How To Guide taken from the book Great Festivals of the
Where's the party?
Awa Odori is a dance which takes place in various
locations throughout the prefecture of Tokushima in
Shikoku, the smallest of the four main islands that comprise
the Japanese archipelago. The largest celebrations are held
in the city of Tokushima itself.
Dates for the diary
Awa Odori is held annually in Tokushima City between August
12 and 15.
What's it all about?
Awa Odori takes place during the Buddhist observance of O-bon,
when the spirits of the dead are thought to return to their
ancestral homes. In Tokushima the departed are welcomed back
with a performance of the Dance of the Fools, which
dates back more than 400 years.
In 1587 a feudal overlord decided to throw a party to celebrate
the completion of his new castle. His guests got so drunk
that they began to dance, arms and legs flailing about all
over the place. Once they had recovered from their hangovers
it was decided to make it an annual event. The feudal government
of the time, afraid that the gatherings could easily turn
into a mob that would try and oust them from power, imposed
restrictions on Awa Odori. Yet their legislation was unable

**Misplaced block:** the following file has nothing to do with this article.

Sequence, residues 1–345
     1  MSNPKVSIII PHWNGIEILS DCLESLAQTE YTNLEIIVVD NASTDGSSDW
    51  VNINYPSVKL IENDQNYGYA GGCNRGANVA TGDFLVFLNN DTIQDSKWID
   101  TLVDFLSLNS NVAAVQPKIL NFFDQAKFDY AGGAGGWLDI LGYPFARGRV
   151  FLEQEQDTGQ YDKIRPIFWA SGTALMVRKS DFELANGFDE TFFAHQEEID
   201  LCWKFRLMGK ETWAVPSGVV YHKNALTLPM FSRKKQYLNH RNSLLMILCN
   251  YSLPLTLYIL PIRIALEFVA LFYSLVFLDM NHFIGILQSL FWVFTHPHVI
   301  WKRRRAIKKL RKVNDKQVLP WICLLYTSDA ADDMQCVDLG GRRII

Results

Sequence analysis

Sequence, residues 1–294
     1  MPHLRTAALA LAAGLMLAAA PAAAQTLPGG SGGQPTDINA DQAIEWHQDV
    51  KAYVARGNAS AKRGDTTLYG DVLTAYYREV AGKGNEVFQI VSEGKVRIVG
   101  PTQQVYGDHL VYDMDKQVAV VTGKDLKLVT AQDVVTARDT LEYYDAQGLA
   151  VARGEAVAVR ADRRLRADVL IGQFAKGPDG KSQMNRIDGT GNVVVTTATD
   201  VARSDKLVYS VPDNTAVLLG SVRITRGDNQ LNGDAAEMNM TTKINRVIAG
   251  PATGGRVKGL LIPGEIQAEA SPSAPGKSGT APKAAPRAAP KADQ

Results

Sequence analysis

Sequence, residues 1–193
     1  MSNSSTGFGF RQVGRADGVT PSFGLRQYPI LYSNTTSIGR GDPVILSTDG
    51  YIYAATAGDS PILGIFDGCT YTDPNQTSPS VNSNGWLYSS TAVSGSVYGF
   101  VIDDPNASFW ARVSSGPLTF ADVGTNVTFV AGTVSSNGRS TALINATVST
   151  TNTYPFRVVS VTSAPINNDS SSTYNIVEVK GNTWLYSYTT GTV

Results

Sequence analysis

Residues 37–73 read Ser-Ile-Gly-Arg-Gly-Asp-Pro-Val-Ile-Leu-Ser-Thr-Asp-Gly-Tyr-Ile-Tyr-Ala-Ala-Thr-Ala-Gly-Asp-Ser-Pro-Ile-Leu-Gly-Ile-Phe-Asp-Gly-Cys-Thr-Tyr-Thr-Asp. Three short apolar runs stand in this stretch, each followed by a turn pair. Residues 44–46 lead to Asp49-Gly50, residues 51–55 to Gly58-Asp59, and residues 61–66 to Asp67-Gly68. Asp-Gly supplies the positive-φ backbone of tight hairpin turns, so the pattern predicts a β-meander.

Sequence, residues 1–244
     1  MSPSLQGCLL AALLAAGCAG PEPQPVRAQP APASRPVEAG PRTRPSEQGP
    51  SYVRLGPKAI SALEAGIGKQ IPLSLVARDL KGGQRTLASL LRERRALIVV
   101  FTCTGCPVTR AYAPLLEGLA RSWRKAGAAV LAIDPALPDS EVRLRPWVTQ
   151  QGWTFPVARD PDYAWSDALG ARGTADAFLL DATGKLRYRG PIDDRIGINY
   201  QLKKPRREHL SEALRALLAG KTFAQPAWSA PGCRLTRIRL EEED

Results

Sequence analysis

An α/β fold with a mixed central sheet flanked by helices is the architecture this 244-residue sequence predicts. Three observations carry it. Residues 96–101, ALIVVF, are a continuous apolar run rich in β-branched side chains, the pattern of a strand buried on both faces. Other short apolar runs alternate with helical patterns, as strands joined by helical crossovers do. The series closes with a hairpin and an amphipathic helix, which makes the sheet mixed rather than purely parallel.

to subdue the joyous spirit of the people, and the tradition
In Tokushima City, most of the action happens along the city's
main drag. Over the four days of the festival around 990 different
community dance groups known as ren put on dance displays
between about 6pm and 9pm. Dressed in yukata (cotton
summer kimonos), participants form an arm waving, feet shuffling
procession, playing traditional musical instruments as they
go. After the official presentations everyone is welcome to
join in the dancing. Stalls and fairs line both sides of the
Shinmachi River the parties rage well into the night,
particularly on the last day of the festival.
Japan operated a visa waiver scheme for visitors from 56
different countries, including the UK, Ireland, USA, Australia
and New Zealand, provided you are staying for no more than
90 days. You must carry with you your return or onward ticket,